Sweetener Diabetes Link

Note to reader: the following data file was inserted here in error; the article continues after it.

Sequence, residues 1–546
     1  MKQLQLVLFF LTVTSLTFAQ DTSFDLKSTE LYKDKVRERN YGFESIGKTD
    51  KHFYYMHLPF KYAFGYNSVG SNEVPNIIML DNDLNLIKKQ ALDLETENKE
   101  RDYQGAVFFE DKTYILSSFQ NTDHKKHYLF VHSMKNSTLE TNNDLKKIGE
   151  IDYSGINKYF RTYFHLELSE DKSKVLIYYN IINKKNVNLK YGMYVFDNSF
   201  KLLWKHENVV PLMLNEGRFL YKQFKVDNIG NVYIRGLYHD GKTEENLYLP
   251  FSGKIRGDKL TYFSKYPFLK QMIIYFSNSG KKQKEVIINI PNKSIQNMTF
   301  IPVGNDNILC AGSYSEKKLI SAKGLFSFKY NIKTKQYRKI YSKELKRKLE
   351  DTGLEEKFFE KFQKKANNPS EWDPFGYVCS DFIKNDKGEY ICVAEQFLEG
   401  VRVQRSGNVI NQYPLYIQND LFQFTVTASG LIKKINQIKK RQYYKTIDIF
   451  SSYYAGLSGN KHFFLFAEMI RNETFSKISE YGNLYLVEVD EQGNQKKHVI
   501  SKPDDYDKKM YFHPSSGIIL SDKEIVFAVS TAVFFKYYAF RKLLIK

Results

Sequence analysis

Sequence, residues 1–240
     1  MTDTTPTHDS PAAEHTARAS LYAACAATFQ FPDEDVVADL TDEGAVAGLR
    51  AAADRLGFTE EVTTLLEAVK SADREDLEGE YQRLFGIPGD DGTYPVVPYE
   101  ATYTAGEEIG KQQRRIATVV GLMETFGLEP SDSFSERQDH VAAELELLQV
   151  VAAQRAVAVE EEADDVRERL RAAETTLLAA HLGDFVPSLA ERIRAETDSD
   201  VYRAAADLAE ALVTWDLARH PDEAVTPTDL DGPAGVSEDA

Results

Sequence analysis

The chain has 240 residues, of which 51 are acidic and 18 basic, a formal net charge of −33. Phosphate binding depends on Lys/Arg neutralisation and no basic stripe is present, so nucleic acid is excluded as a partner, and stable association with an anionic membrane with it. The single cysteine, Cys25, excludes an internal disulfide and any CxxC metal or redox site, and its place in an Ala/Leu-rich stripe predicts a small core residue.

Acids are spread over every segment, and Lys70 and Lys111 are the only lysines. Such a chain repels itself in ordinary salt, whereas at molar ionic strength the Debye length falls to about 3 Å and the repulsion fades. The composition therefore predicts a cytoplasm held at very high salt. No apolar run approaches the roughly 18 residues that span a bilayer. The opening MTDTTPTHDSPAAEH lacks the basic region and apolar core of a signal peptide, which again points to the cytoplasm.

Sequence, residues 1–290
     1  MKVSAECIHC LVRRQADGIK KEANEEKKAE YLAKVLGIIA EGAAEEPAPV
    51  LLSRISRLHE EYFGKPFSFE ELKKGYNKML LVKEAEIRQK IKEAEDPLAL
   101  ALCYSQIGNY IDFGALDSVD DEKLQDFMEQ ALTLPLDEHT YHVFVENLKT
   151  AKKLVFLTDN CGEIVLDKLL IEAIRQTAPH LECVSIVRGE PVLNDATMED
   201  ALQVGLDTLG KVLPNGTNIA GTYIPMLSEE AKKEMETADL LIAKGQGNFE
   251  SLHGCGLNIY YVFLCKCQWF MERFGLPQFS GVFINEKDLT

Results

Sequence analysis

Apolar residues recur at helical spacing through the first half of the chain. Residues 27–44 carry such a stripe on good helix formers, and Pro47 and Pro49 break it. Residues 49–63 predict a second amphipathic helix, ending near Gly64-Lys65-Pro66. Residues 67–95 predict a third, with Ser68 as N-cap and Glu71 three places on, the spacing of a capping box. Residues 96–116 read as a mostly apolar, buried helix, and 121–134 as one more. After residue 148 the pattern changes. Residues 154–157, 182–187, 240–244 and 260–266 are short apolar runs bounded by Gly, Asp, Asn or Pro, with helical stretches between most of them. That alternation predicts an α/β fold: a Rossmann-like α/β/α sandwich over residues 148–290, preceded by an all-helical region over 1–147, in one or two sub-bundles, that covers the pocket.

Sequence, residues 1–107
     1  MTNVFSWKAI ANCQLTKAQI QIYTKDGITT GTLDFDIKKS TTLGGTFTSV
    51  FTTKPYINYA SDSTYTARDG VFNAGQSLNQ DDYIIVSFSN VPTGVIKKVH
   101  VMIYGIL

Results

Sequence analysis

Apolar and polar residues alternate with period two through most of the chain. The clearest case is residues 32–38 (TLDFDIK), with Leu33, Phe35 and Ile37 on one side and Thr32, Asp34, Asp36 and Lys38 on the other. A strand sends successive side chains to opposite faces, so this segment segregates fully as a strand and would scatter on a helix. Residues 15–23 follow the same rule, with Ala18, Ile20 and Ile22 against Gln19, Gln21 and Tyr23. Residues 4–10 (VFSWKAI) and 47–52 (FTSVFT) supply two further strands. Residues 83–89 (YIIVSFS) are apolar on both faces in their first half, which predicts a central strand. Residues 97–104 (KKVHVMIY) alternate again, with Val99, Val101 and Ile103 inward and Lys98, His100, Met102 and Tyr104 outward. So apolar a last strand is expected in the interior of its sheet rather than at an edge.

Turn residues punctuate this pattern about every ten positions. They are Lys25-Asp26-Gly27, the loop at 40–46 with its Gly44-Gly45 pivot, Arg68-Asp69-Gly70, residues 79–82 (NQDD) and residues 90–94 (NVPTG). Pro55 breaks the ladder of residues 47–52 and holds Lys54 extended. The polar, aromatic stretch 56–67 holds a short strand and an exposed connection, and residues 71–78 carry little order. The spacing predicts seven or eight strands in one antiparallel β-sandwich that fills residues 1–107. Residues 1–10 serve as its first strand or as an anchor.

If at first you don’t succeed, try, try again appears to be the motto of the tenacious authors of recurring study journals claiming that high fructose corn syrup is more harmful than equal amounts of sugar. The newest study to appear in the Global Public Health Journal strongly implies that HFCS causes diabetes, stating that countries using HFCS in their foods have higher diabetes rates than those that rely more on table sugar as a sweetener. When confronted by the Corn Refiners Association about making such erroneous allegations, the authors were quick to say they were not actually saying HFCS causes diabetes. Even the famous food dictator, Marion Nestle, criticized the study saying that she “thought it was a stretch to say that the study shows HFCS has anything special to do with diabetes”. She went on to explain that she feels “diabetes is a function of development” - that a society that walks less, drives more, and basically ingests more of everything, will undoubtedly suffer more diabetes. The truth about the use of HFCS versus table sugar and possible links to diabetes probably lies somewhere in the middle, but both sides of the great sweetener debate are so intent on not being pegged the “bad guy” that it has been lost in the shuffle.